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Odd History

Max Former Hodgkins Stage 3's picture
Max Former Hodg...
Posts: 3362
Joined: May 2012

My new next-door neighbor (moved in about a year ago) has had a very odd journey with lymphoma.  He went for extensive testing about two years ago, including the removal of a baseball-sized node.  On other occasions he has had two golfball-sized tumors removed. All tested "negative" for any form of cancer.  His biopsies were even sent to Johns Hopkins, which responded by telling his doc that the tissue was "noncancerous and non-infectious."  A PET at that time also came back totally negative.  Time to scratch one's head.  He has been under "watch and wait" since then, until two weeks ago, when nodes became discernable all over.

He had a CT a week ago, which showed massively enlarged nodes throughout the mid-chest, armpits, neck, groin, and lower jaw.  His neck and face are visibly very swollen.  He went for a PET scan today, followed by a biopsy.  I have met his doctor a few times, and she specializes in SCT, although she also has first-line patients. He said she could not believe it when his tests from two years ago all came back negative.  He expects results in a few days. 

I will  share what he tells me later this week.  I have never heard of such an odd case. Anything remotely similiar that anyone could share is appreciated .

DadysGirl
Posts: 346
Joined: Aug 2011

That Is very scary. Recently after my surgery, I had forwarded my pathology report to my wonderful Dad's stem cell transplant doctor and his exact response in email was thefollowing:

Yes, the report is good. We and the pathologists say "meat never lies". That means whatever there was, it is there on the report. The reports are accurate and the pathologist wouldn't miss anything. 

In my mail to him i had mentioned still a worry on my part and thats how he responded to that.

I hope your neighbor'sresults are something benign.

 

allmost60's picture
allmost60
Posts: 3184
Joined: Jul 2010

Hi Max,

 Yes...his situation is more than a little "odd". I get this sinking feeling in my stomach that something/or someone missed something along the way, but I could be wrong.Undecided It will be interesting to hear what you find out. Sue

Anonymous user (not verified)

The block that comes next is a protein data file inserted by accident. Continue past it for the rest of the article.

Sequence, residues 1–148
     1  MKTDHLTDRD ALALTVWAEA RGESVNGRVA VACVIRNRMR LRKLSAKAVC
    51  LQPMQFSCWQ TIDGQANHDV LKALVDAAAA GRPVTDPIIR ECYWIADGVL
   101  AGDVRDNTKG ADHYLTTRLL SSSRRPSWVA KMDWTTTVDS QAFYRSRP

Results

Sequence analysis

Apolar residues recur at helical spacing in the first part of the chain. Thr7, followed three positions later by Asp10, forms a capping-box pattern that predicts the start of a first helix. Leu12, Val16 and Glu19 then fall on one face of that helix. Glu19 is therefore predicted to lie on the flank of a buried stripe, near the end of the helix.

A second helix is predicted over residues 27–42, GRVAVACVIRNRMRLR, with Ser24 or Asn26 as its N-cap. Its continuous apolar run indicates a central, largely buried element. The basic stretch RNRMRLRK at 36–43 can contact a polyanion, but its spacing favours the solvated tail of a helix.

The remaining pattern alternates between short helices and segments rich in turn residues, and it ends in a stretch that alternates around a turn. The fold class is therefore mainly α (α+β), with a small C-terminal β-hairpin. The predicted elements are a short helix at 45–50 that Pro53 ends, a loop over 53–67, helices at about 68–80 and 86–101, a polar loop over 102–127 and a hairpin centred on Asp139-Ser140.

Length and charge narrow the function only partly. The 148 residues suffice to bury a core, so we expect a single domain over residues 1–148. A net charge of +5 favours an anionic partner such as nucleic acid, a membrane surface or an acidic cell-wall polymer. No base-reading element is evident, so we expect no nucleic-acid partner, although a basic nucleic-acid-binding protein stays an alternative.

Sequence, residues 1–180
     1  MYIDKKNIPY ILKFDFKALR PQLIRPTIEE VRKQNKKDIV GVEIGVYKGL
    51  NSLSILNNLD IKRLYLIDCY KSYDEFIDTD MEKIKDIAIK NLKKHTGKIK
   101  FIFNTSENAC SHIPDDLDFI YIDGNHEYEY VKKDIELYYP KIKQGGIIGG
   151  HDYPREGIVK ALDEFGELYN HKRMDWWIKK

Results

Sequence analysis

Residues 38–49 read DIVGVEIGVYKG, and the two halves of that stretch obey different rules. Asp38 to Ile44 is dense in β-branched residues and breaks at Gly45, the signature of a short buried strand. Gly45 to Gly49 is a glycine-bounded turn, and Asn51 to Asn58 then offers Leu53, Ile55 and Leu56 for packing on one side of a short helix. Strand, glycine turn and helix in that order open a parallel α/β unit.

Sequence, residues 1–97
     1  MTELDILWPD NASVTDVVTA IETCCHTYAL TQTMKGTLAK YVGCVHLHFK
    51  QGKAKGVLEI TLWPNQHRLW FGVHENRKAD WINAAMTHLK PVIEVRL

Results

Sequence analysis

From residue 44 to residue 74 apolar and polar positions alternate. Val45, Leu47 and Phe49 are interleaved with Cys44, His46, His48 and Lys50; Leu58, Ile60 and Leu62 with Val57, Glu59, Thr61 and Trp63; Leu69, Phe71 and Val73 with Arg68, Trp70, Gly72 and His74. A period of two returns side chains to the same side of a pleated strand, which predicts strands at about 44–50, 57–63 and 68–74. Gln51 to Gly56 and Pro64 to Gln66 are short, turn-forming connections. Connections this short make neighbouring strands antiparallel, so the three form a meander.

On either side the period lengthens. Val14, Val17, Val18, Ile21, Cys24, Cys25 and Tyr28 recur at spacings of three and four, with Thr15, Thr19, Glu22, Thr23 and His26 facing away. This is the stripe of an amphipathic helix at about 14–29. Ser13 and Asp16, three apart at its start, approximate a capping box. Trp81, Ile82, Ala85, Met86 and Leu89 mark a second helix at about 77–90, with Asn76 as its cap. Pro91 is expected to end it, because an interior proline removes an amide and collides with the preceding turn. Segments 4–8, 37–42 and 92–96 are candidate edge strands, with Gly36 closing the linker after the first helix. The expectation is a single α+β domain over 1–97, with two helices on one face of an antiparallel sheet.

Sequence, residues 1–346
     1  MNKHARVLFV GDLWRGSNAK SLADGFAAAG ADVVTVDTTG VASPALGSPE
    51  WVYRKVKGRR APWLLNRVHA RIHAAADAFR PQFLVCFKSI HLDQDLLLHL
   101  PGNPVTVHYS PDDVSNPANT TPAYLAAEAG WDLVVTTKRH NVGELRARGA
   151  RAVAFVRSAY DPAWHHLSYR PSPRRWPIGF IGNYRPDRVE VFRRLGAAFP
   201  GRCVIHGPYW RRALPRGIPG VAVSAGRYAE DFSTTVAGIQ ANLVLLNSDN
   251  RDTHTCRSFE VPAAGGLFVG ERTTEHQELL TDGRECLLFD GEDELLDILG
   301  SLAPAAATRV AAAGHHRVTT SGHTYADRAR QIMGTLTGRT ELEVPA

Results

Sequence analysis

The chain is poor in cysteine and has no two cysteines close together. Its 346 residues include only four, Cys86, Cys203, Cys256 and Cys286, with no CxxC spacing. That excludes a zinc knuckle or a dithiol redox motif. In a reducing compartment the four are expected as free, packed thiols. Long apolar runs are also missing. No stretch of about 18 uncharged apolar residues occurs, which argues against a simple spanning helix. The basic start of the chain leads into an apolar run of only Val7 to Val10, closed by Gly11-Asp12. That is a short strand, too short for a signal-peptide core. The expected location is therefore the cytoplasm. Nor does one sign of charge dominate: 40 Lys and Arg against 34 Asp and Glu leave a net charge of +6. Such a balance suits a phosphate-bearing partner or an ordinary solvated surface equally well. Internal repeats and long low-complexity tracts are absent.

...... Unless you did not get a totally accurate or totally complete rendition of the story. A lymphoma tumor is just a mass of white blood cells. If that was missed then its incompetence of staggering proportions. oK, for arguments sake, assume it's not lymphoma. Surely they told him what it was as well as what it was not. Fatty tumors come to mind. Were it me, I would be getting copies of the pathology reports to read myself!

Max Former Hodgkins Stage 3's picture
Max Former Hodg...
Posts: 3362
Joined: May 2012

GKH,

Four years ago, my sister-in-law's doctor discovered (following a trip to the doc for breathing problems) that her lungs were full of "something," which they initially thought was cancer.  A CT showed grossly enlarged nodes throughout her chest cavity. Several specialists and several biopsies later, it was diagnosed as Sarcoidosis.  Her age was about 45 at the time.

What was most bizarre to me was how many doctors and how long it took for her to get a proper diagnosis.  The "default" opinion of each specialist was that it was lymphoma or lung cancer, until the biopsies proved otherwise.

I have no idea if this is what my neighbor has, but I have mentioned the disease to him already. His "clinical presentation" is quite similiar to my sister-in-law's.

https://en.wikipedia.org/wiki/Sarcoidosis

max

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DadysGirl
Posts: 346
Joined: Aug 2011

How is your sister doing now?

 

Max Former Hodgkins Stage 3's picture
Max Former Hodg...
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Joined: May 2012